Friday round-up

Read more of this story here from SCOTUSblog by Edith Roberts.

Friday round-up

Briefly:

  • At CNN, Joan Biskupic lists five reasons why Justice Anthony Kennedy may not retire this term, “beginning with the fact that he has always lived for this.”
  • In the latest episode of the Heritage Foundation’s SCOTUS 101 podcast, Elizabeth Slattery and Tiffany Bates “review the RBG documentary and chat with SCOTUSblog’s Amy Howe”; they also “break down recent decisions on sports betting, shackling, and more.”
  • At his eponymous blog, Michael Dorf suggests that Justice Clarence Thomas “deserves some credit for calling attention to the Court’s failure to fully justify or consistently approach severability issues” in Murphy v. National Collegiate Athletic Association, in which the justices struck down the federal law that bars states from legalizing sports betting, but he maintains that Thomas “has not thought through his own commitments or even his own votes in recent severability cases.”
  • In two posts at the Yale Journal on Regulation’s Notice and Comment blog, here and here, Bernard Bell takes a close look at Mount Lemmon Fire District v. Guido, in which the justices will decide next term whether the 20-employee minimum in the Age Discrimination in Employment Act applies to state and local governments, concluding “that application of such numerosity requirements [to] governmental entities is not particularly appropriate.”

  • Counting to 5 (podcast) looks at “two newly granted cases and five new opinions in argued cases.”
  • At Ikuta Matata, law student Sean Smith tips his hat to Judge Sandra Ikuta of the U.S. Court of Appeals for the 9th Circuit, who he says showed “real talent for reprimanding her colleagues” when she dissented in two cases that were reversed this term by the Supreme Court.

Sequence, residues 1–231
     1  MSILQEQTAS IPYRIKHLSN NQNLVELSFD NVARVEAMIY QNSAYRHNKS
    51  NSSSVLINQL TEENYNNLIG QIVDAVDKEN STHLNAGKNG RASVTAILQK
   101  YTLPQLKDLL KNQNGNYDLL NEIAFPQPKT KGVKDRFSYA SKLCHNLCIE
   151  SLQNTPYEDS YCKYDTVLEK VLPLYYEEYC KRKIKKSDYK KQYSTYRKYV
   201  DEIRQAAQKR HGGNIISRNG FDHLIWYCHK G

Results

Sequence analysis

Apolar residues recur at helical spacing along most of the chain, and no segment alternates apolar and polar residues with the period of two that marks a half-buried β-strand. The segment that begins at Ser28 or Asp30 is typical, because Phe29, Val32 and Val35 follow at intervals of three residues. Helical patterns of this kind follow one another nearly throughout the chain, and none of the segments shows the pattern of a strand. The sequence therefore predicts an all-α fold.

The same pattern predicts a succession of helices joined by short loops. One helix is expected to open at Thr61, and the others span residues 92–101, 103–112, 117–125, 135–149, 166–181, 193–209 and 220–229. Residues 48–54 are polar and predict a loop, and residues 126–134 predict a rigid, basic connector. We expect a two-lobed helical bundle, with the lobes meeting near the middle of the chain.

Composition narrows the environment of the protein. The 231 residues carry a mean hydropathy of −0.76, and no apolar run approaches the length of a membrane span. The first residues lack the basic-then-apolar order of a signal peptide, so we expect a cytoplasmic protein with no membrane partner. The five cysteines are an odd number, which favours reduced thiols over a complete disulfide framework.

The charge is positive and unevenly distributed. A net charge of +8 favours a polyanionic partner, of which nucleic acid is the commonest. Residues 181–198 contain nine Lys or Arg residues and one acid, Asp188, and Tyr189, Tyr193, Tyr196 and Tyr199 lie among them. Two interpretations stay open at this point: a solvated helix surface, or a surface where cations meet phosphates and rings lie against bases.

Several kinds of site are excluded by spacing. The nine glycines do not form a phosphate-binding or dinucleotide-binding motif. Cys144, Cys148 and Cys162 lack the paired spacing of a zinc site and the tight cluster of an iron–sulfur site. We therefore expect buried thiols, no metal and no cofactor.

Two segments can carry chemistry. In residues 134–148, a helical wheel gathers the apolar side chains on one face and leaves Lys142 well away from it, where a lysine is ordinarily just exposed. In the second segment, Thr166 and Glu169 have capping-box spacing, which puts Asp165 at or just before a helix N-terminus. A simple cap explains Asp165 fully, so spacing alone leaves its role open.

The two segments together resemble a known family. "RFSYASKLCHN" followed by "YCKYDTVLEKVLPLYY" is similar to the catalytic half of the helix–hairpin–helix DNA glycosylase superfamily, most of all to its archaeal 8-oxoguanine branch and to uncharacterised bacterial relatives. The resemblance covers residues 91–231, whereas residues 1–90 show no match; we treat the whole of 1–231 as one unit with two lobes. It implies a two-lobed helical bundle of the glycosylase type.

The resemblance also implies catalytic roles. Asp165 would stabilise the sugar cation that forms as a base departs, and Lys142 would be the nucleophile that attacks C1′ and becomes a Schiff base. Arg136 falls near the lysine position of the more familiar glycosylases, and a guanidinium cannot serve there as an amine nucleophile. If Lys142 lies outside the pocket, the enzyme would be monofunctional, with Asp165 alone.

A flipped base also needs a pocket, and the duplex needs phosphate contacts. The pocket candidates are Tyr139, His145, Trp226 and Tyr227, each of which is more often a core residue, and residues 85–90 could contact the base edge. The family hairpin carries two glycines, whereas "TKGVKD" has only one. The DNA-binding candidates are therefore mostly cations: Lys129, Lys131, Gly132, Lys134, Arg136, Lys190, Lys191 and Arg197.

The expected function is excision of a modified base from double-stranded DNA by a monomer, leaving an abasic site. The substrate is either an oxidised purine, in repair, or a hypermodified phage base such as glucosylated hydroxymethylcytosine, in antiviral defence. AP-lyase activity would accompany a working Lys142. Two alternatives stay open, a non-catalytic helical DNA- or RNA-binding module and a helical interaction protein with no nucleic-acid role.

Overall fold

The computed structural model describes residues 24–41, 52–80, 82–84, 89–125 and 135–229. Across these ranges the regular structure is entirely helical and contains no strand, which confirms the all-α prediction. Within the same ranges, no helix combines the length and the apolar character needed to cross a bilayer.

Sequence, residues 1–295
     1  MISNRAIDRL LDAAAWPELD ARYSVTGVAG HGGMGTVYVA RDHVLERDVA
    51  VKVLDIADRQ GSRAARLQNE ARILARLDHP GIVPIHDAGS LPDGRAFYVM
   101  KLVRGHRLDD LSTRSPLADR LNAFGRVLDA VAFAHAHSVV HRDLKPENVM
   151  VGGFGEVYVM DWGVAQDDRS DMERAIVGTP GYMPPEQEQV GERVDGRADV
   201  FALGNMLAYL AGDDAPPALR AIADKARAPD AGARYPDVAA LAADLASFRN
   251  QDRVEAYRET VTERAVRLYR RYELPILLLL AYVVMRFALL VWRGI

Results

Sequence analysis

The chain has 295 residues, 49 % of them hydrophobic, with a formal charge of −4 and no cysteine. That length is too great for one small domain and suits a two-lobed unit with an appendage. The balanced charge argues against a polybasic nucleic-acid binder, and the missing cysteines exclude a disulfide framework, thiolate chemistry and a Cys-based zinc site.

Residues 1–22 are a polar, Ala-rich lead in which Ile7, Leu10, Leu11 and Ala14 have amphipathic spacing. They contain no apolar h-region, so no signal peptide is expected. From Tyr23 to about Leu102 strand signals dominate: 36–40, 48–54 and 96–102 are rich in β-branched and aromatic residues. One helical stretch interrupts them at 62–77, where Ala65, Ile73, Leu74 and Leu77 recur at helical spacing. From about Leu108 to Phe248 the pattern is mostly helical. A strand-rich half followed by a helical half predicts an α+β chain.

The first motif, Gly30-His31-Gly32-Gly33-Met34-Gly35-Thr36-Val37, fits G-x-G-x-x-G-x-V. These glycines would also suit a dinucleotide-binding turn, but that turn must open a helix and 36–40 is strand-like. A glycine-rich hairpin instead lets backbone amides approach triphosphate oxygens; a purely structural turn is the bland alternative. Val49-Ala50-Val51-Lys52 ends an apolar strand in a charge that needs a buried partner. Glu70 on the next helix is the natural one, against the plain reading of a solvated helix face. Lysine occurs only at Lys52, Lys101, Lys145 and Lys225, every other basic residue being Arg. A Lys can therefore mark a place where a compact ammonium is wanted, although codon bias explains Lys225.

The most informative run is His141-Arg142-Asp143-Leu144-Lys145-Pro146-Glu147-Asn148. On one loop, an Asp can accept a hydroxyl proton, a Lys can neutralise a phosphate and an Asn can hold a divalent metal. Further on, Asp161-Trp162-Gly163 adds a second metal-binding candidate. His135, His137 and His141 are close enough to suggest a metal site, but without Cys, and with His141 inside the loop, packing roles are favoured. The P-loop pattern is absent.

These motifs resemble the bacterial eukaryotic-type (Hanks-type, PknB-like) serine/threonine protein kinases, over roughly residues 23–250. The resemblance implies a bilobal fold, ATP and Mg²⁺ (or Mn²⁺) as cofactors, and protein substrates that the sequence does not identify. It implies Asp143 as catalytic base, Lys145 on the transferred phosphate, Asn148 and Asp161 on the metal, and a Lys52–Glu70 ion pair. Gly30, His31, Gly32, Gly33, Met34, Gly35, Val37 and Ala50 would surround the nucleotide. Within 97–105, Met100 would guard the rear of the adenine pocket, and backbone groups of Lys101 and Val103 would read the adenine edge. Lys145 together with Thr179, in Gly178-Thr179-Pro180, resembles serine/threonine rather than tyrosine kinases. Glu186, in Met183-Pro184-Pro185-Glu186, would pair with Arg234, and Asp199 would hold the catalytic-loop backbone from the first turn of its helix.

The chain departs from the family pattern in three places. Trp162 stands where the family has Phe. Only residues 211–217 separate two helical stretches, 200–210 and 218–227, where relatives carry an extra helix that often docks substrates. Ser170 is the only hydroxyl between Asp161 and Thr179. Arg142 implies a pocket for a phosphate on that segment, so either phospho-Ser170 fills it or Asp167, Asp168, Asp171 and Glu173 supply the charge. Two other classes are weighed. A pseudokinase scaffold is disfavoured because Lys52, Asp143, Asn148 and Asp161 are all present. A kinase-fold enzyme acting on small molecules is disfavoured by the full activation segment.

• At ThinkProgress, Ian Millhiser argues that Justice Clarence Thomas’ concurring opinion this week (joined by Justice Neil Gorsuch) in Byrd v. United States, in which the court held that a driver can object under the Fourth Amendment to a search of a rental car even when he is not listed on the rental agreement, “suggests a wholesale rewrite of the Supreme Court’s decisions governing when police are allowed to intrude on a suspect’s privacy” and “could throw federal law enforcement into chaos.”
  • At Law360, Michael Waldman and Ralph Mayrell note that “at least six petitions raising [False Claims Act] issues currently remain on the docket” and they highlight three that “appear to have already piqued the court’s interest.”
  • At Howe on the Court, Amy Howe reports that “[w]hen the justices return to the bench next fall after their summer recess, a case involving computer giant Apple may very well be on their merits docket,” because “[l]ast week the U.S. government recommended that the Supreme Court grant review in a case arising from allegations that the company has monopolized the market to distribute apps for its iPhones.”
  • The Associated Press reports that “[t]he Ruth Bader Ginsburg documentary “RBG” is turning into a mini box office phenomenon,” “crack[ing] the top 10 this weekend with $1.2 million from only 180 screens nationwide.”

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